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Accountability key to addressing rights crisis in Venezuela HRW statement on High Commissioner’s oral update

Venezuela's Foreign Minister Jorge Arreaza Montserrat listens during the opening of the 36th session of the Human Rights Council, at the European headquarters of the United Nations in Geneva on September 11, 2017.  © 2017 Laurent Gillieron/Keystone via AP
Thank you, Mr. President,

We thank the High Commissioner for her oral update, which is both timely and sobering, and confirms that the human rights situation in Venezuela remains dire and that grave violations are ongoing.

It is unfortunate that the delegation of Venezuela began its response today by rejecting a Human Rights Council resolution, and dismissing all critique of the human rights situation in the country, suggesting it is politically-motivated, reflective of double standards, and based on lies and false statements. 

For the situation in any country to improve, the first step is for the state concerned to acknowledge its human rights challenges and commit to addressing them. What we did not hear in Venezuela’s statement today was any acceptance of government responsibility for extrajudicial killings, arbitrary detention, enforced disappearances, torture or violation of the rights to health, food or education. The Ambassador’s statement that “there is no humanitarian crisis in Venezuela” is disconnected from reality.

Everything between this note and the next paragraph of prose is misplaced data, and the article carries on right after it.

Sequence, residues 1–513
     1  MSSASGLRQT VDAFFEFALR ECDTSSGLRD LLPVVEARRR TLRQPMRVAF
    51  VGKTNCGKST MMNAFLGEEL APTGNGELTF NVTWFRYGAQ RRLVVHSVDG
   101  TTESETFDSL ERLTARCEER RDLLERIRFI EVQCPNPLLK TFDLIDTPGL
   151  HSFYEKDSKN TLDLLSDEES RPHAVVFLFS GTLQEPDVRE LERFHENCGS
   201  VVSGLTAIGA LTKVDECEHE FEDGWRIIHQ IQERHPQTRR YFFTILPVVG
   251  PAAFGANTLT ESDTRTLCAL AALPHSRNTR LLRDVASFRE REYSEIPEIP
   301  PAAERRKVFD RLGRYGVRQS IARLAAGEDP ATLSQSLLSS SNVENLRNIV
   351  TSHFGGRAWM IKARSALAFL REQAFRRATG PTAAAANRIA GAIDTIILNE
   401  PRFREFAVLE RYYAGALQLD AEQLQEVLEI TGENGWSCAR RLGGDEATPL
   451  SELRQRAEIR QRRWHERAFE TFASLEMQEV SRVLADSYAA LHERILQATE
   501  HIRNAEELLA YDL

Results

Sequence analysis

We are concerned at the lack of any progress towards country visits by a representative range of UN Special Procedures.

While any engagement with OHCHR is to be welcomed, it is not an end in itself. The success of engagement can only be measured by results, and in particular what concrete steps Venezuela has taken to implement the recommendations in the High Commissioner’s report, end violations, advance human rights, and hold those responsible to account.

Engagement and accountability are complementary, not mutually exclusive. Accountability is an essential element of any efforts to resolving the rights crisis in the country.

We welcome the recent appointment of members of the Fact-finding Mission. Venezuela chose to run for HRC membership, and was elected by a narrow margin. Council membership carries obligations – the most basic of which is to cooperate with Council mechanisms. If Venezuela refuses to cooperate with the Fact-finding Mission, it is in contempt of its responsibilities as a member, and should face consequences.

We look forward to further updates and reporting by the High Commissioner, including on progress towards creating a full-fledged country office, Venezuela’s degree of cooperation with the Fact-finding Mission and UN Special Procedures, and implementation in full of the recommendations in the High Commissioner’s report, including meaningful accountability.

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